Property Owners Look Out: The Train Is Coming, Natalie Crane Jan 2021

Property Owners Look Out: The Train Is Coming, Natalie Crane

Seattle University Law Review

Over 4 million people currently live in the Puget Sound area in Washington state, and about 6 million people are expected to reside in the area by 2050. Additionally, Seattle renters faced a 71.2% increase in rent prices from 2010 to 2019. This data supports the need for much of the congested Seattle population to move outward and commute into the city for work. The implementation of a 116-mile system and other efforts to increase public transportation makes this need achievable and affordable.

This Comment focuses on the issue of just compensation in eminent domain; specifically, unique questions of compensation …


No, The Firing Squad Is Not Better Than Lethal Injection: A Response To Stephanie Moran’S A Modest Proposal, Michael Conklin Jan 2021

No, The Firing Squad Is Not Better Than Lethal Injection: A Response To Stephanie Moran’S A Modest Proposal, Michael Conklin

Seattle University Law Review

In the article A Modest Proposal: The Federal Government Should Use Firing Squads to Execute Federal Death Row Inmates, Stephanie Moran argues that the firing squad is the only execution method that meets the requirements of the Eighth Amendment. In order to make her case, Moran unjustifiably overstates the negative aspects of lethal injection while understating the negative aspects of firing squads. The entire piece is predicated upon assumptions that are not only unsupported by the evidence but often directly refuted by the evidence. This Essay critically analyzes Moran’s claims regarding the alleged advantages of the firing squad over …


Duress In Immigration Law, Elizabeth A. Keyes Jan 2021

Duress In Immigration Law, Elizabeth A. Keyes

Seattle University Law Review

The doctrine of duress is common to other bodies of law, but the application of the duress doctrine is both unclear and highly unstable in immigration law. Outside of immigration law, a person who commits a criminal act out of well-placed fear of terrible consequences is different than a person who willingly commits a crime, but American immigration law does not recognize this difference. The lack of clarity leads to certain absurd results and demands reimagining, redefinition, and an unequivocal statement of the significance of duress in ascertaining culpability. While there are inevitably some difficult lines to be drawn in …


Table Of Contents, Seattle University Law Review Jan 2021

Table Of Contents, Seattle University Law Review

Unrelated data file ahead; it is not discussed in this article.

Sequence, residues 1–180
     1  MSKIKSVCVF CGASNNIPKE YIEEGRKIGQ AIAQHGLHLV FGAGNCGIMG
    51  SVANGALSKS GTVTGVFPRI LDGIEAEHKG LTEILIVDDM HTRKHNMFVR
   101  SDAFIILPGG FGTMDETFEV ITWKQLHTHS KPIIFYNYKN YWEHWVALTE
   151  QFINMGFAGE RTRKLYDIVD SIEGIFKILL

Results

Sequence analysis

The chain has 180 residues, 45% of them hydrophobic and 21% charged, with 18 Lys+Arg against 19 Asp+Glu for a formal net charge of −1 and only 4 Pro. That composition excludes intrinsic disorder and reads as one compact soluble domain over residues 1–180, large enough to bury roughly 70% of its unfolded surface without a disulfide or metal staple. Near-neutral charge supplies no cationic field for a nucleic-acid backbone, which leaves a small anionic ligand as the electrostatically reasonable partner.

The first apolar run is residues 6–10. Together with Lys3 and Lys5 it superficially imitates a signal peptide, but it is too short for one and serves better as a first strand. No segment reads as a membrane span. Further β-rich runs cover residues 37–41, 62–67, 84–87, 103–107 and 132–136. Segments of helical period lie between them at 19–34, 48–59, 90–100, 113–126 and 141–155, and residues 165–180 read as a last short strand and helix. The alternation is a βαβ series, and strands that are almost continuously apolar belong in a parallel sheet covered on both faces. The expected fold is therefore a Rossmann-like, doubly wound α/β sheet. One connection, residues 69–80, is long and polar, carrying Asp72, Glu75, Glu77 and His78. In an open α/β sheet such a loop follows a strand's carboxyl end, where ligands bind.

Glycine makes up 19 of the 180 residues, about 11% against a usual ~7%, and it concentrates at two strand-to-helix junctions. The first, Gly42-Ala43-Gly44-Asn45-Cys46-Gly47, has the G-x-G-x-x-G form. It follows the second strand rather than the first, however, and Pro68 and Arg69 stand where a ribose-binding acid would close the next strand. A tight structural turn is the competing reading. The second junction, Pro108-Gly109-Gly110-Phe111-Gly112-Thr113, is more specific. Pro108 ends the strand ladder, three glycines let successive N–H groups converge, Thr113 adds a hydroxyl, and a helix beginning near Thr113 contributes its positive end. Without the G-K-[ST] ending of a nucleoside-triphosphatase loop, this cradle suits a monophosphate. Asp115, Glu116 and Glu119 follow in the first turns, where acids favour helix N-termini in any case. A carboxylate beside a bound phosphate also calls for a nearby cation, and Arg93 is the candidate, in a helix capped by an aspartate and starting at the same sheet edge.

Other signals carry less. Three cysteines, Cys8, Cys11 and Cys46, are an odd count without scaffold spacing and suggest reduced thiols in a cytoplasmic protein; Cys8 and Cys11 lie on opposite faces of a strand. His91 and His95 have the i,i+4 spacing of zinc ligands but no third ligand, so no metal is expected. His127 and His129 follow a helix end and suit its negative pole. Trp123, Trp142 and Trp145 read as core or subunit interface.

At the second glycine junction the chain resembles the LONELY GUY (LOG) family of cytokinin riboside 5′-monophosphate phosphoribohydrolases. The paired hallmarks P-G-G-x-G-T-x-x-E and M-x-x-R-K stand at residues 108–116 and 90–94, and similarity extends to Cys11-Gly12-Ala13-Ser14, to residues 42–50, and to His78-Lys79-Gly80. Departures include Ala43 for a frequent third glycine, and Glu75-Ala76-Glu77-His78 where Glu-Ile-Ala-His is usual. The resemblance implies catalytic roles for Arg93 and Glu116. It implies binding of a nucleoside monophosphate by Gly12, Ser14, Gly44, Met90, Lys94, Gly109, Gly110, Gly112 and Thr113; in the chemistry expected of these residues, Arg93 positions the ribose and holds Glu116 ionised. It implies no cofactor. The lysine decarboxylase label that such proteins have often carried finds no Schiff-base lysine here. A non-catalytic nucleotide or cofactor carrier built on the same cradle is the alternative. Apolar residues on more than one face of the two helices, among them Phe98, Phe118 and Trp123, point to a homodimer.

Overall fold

Seattle University Law Review

Table of Contents


Introductory Remarks, Michael Rogers, Hannah Hamley, Rayshaun D. Williams Jan 2021

Introductory Remarks, Michael Rogers, Hannah Hamley, Rayshaun D. Williams

Seattle University Law Review

Introductory Remarks.


Foreword, Seattle University Law Review Jan 2021

Foreword, Seattle University Law Review

Seattle University Law Review

Foreword.


The Deans' Roundtable, Dean Angela Onwuachi-Willig, Dean Danielle Conway, Dean Tamara Lawson, Dean Mario Barnes, Dean L. Song Richardson Jan 2021

The Deans' Roundtable, Dean Angela Onwuachi-Willig, Dean Danielle Conway, Dean Tamara Lawson, Dean Mario Barnes, Dean L. Song Richardson

Seattle University Law Review

The Deans' Roundtable.


Marissa Jackson Sow’S “Whiteness As Contract”, Marissa Jackson Sow Jan 2021

Marissa Jackson Sow’S “Whiteness As Contract”, Marissa Jackson Sow

Seattle University Law Review

Marissa Jackson Sow’s “Whiteness as Contract.”


Rock And Hard Place Arguments, Jareb Gleckel, Grace Brosofsky Jan 2021

Rock And Hard Place Arguments, Jareb Gleckel, Grace Brosofsky

Seattle University Law Review

This Article explores what we coin “rock and hard place” (RHP) arguments in the law, and it aims to motivate mission-driven plaintiffs to seek out such arguments in their cases. The RHP argument structure helps plaintiffs win cases even when the court views that outcome as unfavorable.

We begin by dissecting RHP dilemmas that have long existed in the American legal system. As Part I reveals, prosecutors and law enforcement officials have often taken advantage of RHP dilemmas and used them as a tool to persuade criminal defendants to forfeit their constitutional rights, confess, or give up the chance to …


Neither Safe, Nor Legal, Nor Rare: The D.C. Circuit’S Use Of The Doctrine Of Ratification To Shield Agency Action From Appointments Clause Challenges, Damien M. Schiff Jan 2021